Draftstars Wants to Grab Australian DFS Audience, Hoping to Piggyback on Aussies’ Love of Sports Betting
Posted on: May 18, 2016, 11:16h.
Last updated on: May 18, 2016, 11:50h.
Australian daily fantasy sports site Draftstars, a joint venture between online bookmaker CrownBet and sports channel conglomerate Fox Sports, recently announced that the new platform is undergoing a promotional marketing drive to tap into the emerging Aussie demographic.
Hosted by the turnkey daily fantasy software company DraftDay, Draftstars was launched in early 2016 and currently offers contests on the National Basketball Association (NBA) and Australian Football League (AFL). The site touts itself as the “Official Daily Fantasy Sports Partner of the ALF.”
Marketing to the Masses
This week, Draftstars said it is initiating a multichannel advertising push to grow its brand awareness through television, radio, digital, and social media.
“We are confident we have the right marketing strategy,” Draftstars CEO Matt Sanders told eGaming Review. According to Sanders, the goal of the PR blitz is to “educate Australian sports fans on what an exciting and engaging experience daily fantasy sports is.”
Draftstars is open to legal residents of Australia and New Zealand who are at least 18 years old. Though the Interactive Gambling Act passed by the Australian Parliament in 2001 banned Aussie-based companies from offering online gambling, DFS is (for now, at least) exempt, as there is a sports-betting carveout, under which umbrella daily fantasy now falls. The site is regulated by Australia’s Northern Territory.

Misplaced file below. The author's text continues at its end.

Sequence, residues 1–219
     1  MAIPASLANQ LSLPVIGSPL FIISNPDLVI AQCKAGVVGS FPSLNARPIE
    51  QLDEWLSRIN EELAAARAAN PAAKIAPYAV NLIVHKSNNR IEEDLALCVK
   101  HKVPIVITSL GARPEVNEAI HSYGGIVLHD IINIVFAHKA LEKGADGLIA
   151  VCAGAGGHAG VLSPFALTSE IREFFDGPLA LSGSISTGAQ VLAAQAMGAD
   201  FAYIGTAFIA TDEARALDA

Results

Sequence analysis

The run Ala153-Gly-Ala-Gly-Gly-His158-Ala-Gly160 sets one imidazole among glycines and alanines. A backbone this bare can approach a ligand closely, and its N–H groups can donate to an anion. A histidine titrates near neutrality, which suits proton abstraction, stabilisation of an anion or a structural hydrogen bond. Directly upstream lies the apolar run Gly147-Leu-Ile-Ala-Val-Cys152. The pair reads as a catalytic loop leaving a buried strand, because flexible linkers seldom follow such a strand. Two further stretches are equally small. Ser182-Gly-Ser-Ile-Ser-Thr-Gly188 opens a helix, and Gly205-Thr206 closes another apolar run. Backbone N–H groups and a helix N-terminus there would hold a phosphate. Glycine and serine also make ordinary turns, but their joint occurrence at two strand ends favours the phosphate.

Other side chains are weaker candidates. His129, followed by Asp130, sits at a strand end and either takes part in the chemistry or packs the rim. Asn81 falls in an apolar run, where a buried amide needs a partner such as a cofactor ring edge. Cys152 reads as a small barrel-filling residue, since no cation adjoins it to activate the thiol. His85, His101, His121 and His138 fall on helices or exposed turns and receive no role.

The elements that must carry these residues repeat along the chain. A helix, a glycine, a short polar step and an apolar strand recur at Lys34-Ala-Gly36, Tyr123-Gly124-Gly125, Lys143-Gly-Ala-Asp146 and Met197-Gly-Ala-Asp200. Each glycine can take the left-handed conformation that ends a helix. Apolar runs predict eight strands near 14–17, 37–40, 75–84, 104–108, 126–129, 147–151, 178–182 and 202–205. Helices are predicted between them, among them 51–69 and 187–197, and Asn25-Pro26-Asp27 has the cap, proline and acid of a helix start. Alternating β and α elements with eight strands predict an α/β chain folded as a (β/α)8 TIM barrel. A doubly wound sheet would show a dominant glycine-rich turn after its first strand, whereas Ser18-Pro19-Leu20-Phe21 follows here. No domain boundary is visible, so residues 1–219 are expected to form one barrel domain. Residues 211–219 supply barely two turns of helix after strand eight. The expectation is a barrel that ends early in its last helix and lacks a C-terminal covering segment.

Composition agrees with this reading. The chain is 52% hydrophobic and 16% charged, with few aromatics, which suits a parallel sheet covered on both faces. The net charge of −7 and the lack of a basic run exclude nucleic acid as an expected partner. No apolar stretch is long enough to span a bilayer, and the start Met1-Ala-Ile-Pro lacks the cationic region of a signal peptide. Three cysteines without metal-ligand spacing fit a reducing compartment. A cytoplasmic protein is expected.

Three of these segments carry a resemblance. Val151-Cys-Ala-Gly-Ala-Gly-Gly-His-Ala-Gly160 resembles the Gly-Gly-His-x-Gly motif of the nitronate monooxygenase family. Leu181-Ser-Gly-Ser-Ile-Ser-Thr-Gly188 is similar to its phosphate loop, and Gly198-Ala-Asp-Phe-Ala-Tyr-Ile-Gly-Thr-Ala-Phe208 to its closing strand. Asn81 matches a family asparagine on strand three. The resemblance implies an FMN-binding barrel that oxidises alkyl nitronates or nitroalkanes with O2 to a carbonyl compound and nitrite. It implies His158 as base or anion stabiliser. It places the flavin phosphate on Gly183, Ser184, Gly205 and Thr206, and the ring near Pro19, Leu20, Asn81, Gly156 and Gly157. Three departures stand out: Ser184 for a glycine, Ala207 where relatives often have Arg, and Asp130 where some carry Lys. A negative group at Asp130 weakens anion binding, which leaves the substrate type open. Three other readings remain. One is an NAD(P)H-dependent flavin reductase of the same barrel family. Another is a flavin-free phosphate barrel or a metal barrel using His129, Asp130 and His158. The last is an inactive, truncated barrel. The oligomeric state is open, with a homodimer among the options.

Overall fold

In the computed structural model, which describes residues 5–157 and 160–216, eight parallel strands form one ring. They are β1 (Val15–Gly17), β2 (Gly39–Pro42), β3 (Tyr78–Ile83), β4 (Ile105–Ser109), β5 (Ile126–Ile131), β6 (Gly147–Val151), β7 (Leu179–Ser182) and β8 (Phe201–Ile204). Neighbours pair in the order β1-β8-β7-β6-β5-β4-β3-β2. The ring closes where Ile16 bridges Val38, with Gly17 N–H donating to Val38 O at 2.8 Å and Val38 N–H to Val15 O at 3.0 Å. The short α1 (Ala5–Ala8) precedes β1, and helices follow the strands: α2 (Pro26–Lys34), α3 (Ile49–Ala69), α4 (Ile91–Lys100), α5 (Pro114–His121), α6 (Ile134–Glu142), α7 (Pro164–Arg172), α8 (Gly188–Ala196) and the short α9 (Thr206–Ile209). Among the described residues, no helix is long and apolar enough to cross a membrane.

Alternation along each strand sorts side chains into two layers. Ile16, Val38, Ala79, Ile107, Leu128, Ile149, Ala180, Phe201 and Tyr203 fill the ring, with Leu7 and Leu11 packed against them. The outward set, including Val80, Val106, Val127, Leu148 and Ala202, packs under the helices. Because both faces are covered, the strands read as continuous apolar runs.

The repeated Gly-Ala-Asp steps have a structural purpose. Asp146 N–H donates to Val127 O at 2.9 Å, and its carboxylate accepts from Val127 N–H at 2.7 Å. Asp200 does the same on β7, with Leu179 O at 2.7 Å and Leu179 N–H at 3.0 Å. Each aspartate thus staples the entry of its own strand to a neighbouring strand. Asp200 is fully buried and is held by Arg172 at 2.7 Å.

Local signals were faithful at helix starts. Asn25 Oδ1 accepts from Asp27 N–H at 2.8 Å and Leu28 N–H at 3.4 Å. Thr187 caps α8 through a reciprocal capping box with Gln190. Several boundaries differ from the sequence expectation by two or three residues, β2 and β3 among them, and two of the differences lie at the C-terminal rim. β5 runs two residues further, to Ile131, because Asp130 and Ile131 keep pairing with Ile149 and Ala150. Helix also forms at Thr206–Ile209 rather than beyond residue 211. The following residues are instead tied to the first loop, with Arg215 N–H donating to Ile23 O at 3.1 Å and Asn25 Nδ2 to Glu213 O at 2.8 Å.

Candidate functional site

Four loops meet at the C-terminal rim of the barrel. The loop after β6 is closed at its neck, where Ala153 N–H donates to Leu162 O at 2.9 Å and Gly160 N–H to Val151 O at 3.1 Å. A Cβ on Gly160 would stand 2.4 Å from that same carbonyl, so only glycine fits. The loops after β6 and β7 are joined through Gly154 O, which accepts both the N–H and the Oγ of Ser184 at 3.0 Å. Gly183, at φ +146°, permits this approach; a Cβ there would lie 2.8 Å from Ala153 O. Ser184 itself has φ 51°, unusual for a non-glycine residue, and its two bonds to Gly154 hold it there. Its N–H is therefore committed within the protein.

Down Under with DFS
DFS, of course, has been wildly popular in the United States with FanDuel and DraftKings since the two market leaders respectively commenced operations in 2009 and 2012. The leading cause for the DFS rise in America is due to the federal ban on sports betting outside of Nevada, combined with a long history of office pool fantasy betting across the country.
Daily fantasy contests provide fans an alterative way to add excitement to watching sports.
Conversely, DFS hasn’t taken off the same way in other countries, due to the fact that sports betting is not only legal, but cherished. That’s certainly the case in Australia, where placing a wager on Australian football, cricket, and rugby is a national pastime for “punters.”
However, recent steps by parliament to restrict in-play betting and a potential revamping of online gaming laws has some companies preparing for new regulations and perhaps a loophole by way of DFS.
What’s in a Name?
The DFS market is quickly becoming crowded with a host of platforms that all sound and look alike.
Ready for a tongue twister?
With DraftKings, DraftDay, FantasyDraft, Draftpot, Draft Ops, AlphaDraft, and PokerStars’ StarsDraft, Draftstars is just the latest DFS provider in a long list of companies trying to capitalize off the “draft” terminology.
According to the Australian Government, Aussies spent $19 billion on gambling in 2008-09, and during that same year, roughly 70 percent of all citizens participated in some form of gambling.
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